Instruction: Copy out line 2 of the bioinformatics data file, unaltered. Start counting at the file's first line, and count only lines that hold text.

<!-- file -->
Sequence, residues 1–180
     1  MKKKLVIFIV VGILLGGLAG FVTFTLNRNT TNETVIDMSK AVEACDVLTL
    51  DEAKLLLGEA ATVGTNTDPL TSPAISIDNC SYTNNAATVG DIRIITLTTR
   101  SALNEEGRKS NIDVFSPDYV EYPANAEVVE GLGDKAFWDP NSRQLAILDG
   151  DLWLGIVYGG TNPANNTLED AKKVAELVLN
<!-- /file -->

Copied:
     1  MKKKLVIFIV VGILLGGLAG FVTFTLNRNT TNETVIDMSK AVEACDVLTL